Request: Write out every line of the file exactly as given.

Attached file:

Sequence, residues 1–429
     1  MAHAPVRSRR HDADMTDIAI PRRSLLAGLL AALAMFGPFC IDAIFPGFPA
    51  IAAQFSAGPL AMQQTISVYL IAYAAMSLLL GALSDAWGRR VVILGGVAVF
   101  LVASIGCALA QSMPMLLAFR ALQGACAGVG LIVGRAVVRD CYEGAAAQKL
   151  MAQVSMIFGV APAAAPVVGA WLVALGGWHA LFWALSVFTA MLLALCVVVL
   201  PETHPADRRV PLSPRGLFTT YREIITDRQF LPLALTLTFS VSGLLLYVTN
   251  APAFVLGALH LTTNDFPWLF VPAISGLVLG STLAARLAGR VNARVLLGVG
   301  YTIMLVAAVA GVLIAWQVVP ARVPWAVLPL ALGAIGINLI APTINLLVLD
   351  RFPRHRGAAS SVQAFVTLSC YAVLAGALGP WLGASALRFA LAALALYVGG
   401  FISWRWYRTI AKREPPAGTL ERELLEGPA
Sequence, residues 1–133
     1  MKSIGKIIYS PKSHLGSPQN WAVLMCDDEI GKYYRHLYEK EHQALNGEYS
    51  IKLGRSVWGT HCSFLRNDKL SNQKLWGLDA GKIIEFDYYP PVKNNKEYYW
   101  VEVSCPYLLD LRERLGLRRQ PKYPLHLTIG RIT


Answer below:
Sequence, residues 1–429
     1  MAHAPVRSRR HDADMTDIAI PRRSLLAGLL AALAMFGPFC IDAIFPGFPA
    51  IAAQFSAGPL AMQQTISVYL IAYAAMSLLL GALSDAWGRR VVILGGVAVF
   101  LVASIGCALA QSMPMLLAFR ALQGACAGVG LIVGRAVVRD CYEGAAAQKL
   151  MAQVSMIFGV APAAAPVVGA WLVALGGWHA LFWALSVFTA MLLALCVVVL
   201  PETHPADRRV PLSPRGLFTT YREIITDRQF LPLALTLTFS VSGLLLYVTN
   251  APAFVLGALH LTTNDFPWLF VPAISGLVLG STLAARLAGR VNARVLLGVG
   301  YTIMLVAAVA GVLIAWQVVP ARVPWAVLPL ALGAIGINLI APTINLLVLD
   351  RFPRHRGAAS SVQAFVTLSC YAVLAGALGP WLGASALRFA LAALALYVGG
   401  FISWRWYRTI AKREPPAGTL ERELLEGPA
Sequence, residues 1–133
     1  MKSIGKIIYS PKSHLGSPQN WAVLMCDDEI GKYYRHLYEK EHQALNGEYS
    51  IKLGRSVWGT HCSFLRNDKL SNQKLWGLDA GKIIEFDYYP PVKNNKEYYW
   101  VEVSCPYLLD LRERLGLRRQ PKYPLHLTIG RIT